Many times, disaster just seems unrealistic. Bear attacks? That never really happens. Lightening storms above tree line? Come on — it’s Hollywood drama. To an extent, part of being outdoorsy is being ok with the inherent risks (calculated ones) involved in the activities you love to do. But then there are times when it’s wiser to just turn around. It’ll require a bit of pride-swallowing and maybe a wasted afternoon, but hey, it’s worth it to see another day.
You get a super late start
Being late on a trip not only makes you frustrated — it also leaves you with less sunlight. Everyone, no matter how proficient in orienteering, gets lost. If your estimated trip time doesn’t make it within the time that the sun goes down, it might just be wiser to turn back and wake up earlier the next morning. See, there’s a phenomenon known as the planning fallacy, which is a tendency to underestimate the time and takes to complete a task. Say you budget your time for a hike and it runs over twenty percent, but that last twenty percent is in the dark — this is when people get in trouble. Remember — Mother Nature doesn’t run on your time — you run on hers.
The terrain isn’t what you expected
There’s no greater disappointment than getting stoked for a trip, only to find out that the terrain is much different than expected or has changed. Maybe the river you were going to canoe is dangerously fast or maybe the trail you’ve decided to jaunt down is not as well marked as you remember. Take this as a sign — accidents don’t happen when anyone expects them. If the next few hours seems like it could be sketchy, you might be better off waiting a day.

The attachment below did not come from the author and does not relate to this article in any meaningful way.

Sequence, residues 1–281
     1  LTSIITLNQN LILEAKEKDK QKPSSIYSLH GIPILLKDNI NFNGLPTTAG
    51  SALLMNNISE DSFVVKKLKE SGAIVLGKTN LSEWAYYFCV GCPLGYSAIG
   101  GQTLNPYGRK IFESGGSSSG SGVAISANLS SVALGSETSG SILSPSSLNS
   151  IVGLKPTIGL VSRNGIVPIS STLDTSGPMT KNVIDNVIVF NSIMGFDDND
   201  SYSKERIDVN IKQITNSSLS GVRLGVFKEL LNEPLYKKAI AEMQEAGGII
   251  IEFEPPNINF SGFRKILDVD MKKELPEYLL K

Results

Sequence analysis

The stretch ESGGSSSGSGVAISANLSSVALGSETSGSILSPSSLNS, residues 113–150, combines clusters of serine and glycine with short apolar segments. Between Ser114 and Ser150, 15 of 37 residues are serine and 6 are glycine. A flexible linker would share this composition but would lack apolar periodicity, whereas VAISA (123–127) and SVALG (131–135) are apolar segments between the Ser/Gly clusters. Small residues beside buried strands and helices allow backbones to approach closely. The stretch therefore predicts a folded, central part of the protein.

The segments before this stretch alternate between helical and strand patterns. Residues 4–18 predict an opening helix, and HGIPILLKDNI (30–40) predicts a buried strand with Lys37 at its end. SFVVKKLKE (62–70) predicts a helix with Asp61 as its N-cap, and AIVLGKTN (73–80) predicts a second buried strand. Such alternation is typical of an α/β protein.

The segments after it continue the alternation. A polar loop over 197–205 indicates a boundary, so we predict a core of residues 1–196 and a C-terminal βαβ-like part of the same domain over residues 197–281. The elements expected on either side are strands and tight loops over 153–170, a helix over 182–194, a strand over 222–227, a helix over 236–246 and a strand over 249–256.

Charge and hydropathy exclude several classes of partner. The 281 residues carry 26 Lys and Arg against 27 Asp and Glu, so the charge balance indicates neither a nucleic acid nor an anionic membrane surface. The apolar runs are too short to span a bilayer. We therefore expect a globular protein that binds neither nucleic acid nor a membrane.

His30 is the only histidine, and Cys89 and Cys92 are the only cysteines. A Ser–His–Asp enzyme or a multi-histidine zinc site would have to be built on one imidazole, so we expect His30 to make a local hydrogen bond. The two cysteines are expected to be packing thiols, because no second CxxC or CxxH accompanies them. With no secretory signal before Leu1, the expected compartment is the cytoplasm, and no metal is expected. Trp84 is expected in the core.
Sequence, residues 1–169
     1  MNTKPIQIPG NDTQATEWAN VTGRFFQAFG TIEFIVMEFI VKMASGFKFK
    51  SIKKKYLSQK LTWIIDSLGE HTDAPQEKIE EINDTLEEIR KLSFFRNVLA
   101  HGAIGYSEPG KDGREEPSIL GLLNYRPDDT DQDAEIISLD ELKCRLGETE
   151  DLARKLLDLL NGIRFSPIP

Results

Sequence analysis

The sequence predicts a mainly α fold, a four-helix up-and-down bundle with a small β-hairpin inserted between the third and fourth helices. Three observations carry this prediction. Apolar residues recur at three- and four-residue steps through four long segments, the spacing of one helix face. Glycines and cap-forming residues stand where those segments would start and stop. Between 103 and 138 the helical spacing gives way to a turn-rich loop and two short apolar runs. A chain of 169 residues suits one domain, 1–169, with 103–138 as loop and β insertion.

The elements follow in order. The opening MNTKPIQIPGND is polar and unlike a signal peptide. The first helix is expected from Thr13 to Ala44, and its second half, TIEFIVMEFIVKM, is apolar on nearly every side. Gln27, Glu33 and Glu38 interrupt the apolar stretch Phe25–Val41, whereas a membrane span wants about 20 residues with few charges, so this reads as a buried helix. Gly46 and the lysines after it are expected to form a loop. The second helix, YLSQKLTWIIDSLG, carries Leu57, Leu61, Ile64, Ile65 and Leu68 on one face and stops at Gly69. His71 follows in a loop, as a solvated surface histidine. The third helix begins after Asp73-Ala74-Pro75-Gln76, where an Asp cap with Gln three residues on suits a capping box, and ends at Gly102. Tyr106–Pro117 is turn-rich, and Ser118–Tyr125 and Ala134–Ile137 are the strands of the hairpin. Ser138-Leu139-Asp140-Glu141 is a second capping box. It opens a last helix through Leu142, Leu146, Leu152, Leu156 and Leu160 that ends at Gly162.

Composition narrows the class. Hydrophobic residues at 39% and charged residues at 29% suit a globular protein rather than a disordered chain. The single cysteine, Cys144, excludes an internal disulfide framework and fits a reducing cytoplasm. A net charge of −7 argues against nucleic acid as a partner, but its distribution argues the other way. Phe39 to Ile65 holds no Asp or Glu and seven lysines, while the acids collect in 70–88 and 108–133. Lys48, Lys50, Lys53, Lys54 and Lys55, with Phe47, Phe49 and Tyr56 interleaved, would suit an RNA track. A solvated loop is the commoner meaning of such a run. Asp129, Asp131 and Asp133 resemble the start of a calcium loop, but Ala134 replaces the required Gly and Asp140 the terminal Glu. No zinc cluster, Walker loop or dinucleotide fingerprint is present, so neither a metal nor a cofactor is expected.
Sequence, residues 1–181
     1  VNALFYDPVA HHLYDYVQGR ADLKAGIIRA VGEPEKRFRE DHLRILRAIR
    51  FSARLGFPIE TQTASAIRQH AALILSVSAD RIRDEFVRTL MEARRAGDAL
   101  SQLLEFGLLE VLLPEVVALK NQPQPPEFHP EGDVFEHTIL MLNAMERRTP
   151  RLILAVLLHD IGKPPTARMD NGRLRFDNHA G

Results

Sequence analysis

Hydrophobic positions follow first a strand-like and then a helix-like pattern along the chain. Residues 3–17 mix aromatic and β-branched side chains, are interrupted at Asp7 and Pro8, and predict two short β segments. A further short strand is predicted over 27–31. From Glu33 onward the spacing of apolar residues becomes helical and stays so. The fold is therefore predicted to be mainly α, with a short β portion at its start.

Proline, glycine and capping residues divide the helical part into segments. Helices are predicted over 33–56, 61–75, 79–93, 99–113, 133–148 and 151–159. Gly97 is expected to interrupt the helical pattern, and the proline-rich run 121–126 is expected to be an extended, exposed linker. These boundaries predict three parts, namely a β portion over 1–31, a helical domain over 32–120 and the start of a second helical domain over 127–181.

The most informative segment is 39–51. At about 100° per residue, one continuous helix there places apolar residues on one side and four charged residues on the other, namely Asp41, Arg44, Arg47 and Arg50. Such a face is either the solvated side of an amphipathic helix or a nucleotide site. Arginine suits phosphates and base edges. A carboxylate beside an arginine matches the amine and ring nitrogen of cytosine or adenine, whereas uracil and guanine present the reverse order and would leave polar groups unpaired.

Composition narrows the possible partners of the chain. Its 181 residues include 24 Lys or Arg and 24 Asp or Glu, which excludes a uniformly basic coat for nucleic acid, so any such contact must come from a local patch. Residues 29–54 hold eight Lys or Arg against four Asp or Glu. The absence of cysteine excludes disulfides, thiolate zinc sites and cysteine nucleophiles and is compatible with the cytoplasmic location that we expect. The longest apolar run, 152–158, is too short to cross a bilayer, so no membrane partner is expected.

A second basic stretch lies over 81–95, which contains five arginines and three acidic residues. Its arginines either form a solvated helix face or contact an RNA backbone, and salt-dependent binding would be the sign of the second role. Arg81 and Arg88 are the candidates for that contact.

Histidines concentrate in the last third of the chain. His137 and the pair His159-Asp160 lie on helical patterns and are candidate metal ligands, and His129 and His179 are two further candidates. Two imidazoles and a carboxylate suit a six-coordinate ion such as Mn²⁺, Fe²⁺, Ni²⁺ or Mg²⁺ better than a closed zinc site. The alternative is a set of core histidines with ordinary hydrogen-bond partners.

One of the best things about the outdoors is that for most activities, you’re likely to find a group who will accept you into their fold (other than maybe surfing where you have to earn your stripes first. But at least you’re still with a group). Skiing or riding by yourself? Find a group and ask to squeeze in. Hiking? Most definitely a group will let you join. On top of just being good folks looking forward to meeting new people, it’s a survival tactic to ward off bears or have one more pair of eyes on the snow. When you’re alone, your chances of aid and rescue are immediately lowered. So yes, it may be more fun to break from a group of newbs and hit some side country by yourself, but you’re also abandoning the folks who could be at your rescue.
The weather isn’t looking good
Everyone knows this one but it’s always dumbfounding to see how many people will hold a fly fishing rod when there’s lightening or how many people will jump into a kayak right after a flood (I’ve done that once and will never again). Sure you want to summit, but even the pros like Conrad Anker and Max Lowe know when the weather won’t let them. Going out into dangerous conditions isn’t badass — it’s wreckless.
You just get that feeling
Your friends are getting ready to go and you just feel weird. It may be because of small combinations of the examples above, or it may just be a hunch. Your intuition in the outdoors is built from natural instinct as well as experience, and if you don’t use it, you’re wasting it. Don’t feel the need to be a hero—it might feel lame in the moment, but many times when you make judgment calls in the favor of safety, it reaps sweet rewards.